86th MUNS puts power in air power

  • Published
  • By Airman 1st Class Larissa Greatwood
  • 86th Airlift Wing Public Affairs
When it takes the coordination of multiple units to make a single mission happen, it can be difficult for Airmen to see the bigger picture and recognize how their efforts are impacting the overall Air Force mission.

The 86th Munitions Squadron Airmen say they are fortunate to see how they fit into the puzzle through receiving, storing and shipping ammunitions throughout the U.S. European Command. The 86th MUNS provides "the lethal edge" to combatant commands around the world.

For some 86th MUNS Airmen, the only difference between military and commercial aircraft is the firepower.

"Without us, jets are just Corvettes in the sky," said Senior Airman David Dean, 86th MUNS storage crew chief.

From the small arms ammo that SFS use to guard the gate, to large combat artillery and missiles, the 86th MUNS Airmen handle them all with discipline, rigor and pride.

The Airmen sort, inspect, ship and maintain serviceability and accountability for munitions at Ramstein as well as those shipped to  NATO allied nations, which is made easier by being centrally located in Europe.

"We have multiple containers that house several thousand tons of munitions," said Senior Master Sgt. David Shrimp, 86th MUNS materiel flight chief. "They come into Ramstein; then, we separate all of the explosive assets and palletize them for airlift to satisfy several munition shortfalls, or munitions that they expect to expend, throughout [U.S. Air Forces in Europe] at multiple installations."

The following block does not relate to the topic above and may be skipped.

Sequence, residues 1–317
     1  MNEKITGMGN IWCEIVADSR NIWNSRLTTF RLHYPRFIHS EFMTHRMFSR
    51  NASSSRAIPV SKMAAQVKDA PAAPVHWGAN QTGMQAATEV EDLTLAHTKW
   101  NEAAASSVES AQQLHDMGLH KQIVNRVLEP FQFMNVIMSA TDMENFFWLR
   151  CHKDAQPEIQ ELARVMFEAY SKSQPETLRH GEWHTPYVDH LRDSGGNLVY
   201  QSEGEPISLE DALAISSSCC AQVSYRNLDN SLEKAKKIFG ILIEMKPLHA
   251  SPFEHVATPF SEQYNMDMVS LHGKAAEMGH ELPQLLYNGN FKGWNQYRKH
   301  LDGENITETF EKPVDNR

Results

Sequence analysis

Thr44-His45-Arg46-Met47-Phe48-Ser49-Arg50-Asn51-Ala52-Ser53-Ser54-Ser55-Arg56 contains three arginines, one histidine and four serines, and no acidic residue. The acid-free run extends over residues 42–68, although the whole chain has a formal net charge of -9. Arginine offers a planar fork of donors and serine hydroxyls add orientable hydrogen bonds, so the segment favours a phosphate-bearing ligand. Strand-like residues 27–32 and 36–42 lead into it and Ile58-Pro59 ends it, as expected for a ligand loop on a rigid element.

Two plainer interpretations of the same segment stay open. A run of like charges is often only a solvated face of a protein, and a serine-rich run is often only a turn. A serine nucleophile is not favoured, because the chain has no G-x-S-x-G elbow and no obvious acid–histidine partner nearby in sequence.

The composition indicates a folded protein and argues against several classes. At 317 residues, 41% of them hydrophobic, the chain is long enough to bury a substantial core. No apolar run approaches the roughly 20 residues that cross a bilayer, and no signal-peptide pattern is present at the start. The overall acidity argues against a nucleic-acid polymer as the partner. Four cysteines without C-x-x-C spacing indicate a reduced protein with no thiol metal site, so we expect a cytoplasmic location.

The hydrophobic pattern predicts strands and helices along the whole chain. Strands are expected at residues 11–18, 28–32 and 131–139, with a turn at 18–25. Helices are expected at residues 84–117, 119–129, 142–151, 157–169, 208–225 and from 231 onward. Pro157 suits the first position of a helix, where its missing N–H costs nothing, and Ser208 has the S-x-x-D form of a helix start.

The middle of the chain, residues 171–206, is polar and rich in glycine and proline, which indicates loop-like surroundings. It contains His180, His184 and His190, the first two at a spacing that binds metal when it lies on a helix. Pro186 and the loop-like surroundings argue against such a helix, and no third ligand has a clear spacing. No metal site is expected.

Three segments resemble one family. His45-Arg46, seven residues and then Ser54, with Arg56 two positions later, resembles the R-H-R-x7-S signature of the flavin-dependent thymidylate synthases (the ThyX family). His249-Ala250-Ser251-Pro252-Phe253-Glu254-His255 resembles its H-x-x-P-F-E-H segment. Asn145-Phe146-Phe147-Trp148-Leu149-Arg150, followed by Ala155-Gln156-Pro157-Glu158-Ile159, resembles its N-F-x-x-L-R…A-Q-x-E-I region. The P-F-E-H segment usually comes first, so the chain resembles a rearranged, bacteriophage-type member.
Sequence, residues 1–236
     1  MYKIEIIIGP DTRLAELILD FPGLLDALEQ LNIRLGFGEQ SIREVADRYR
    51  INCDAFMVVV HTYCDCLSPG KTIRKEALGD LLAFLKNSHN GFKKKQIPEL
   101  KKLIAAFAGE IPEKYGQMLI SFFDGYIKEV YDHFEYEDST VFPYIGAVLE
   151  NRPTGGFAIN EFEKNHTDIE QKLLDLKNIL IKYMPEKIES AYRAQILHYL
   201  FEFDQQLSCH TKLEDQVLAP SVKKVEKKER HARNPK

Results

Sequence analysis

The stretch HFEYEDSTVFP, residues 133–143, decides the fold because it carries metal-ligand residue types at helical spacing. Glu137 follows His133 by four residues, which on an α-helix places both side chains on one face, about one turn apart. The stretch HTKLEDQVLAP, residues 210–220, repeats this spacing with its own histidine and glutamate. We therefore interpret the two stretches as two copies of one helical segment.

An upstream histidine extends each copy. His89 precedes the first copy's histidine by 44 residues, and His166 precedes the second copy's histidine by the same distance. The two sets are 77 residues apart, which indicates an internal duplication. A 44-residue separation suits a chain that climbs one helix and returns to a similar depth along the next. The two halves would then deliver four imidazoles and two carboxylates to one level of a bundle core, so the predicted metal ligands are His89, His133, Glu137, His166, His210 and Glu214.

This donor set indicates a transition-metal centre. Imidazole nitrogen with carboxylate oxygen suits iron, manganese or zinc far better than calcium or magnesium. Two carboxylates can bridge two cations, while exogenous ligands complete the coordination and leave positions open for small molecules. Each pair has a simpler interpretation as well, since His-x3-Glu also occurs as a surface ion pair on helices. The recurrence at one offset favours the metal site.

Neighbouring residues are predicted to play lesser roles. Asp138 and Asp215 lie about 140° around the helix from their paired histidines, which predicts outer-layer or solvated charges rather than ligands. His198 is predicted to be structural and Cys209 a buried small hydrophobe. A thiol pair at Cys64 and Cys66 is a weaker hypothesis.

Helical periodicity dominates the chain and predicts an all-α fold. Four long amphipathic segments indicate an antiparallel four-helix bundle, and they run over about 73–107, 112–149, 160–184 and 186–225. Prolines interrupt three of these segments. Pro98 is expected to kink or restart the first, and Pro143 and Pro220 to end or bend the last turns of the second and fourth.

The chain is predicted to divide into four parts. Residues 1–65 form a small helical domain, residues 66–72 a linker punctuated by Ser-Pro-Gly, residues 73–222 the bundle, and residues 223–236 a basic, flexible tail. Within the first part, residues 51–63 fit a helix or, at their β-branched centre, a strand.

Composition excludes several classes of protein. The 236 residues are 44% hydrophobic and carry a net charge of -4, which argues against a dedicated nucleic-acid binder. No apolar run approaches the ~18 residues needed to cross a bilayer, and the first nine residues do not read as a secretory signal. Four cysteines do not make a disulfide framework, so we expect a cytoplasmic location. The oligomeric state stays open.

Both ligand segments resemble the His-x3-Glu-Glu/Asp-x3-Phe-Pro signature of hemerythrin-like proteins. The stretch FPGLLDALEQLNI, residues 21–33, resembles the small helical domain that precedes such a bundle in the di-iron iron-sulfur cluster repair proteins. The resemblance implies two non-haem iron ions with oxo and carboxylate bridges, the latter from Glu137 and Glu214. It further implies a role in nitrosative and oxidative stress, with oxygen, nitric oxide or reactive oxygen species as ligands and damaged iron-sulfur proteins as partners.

With recent attacks in European countries, Shrimp said he believes the Airmen have grown to understand how critical they are to the mission.

"We've had the opportunity to send out a few [Airmen] on rapid deployments, and many have had a hand in helping support our allies in operations," he said.

Working with live ammunition, the 86th MUNS Airmen have to constantly rely on each other to ensure safety as one careless mistake could become a crucial problem.

"There's inherent risk in any job, but I think we carry a larger part of that risk and all of these Airmen need to learn to have faith and trust in each other," Shrimp said. "I think that's what really cements everything here and makes us different from most other organizations on base."

Because of the trust they have to have as a team, the Airmen are known to have a lot of comradeship.

"I think anyone who's been to a base or wing function has heard munitions loud and proud. We are a very close group with a lot of morale and camaraderie," Shrimp said.

The 86th MUNS Airmen continue to strengthen their bonds, and in turn, strengthen their mission success. Though they are a single unit, their global outreach and resources allow them to be a part of something bigger. Without their assets, effective air power may not be possible.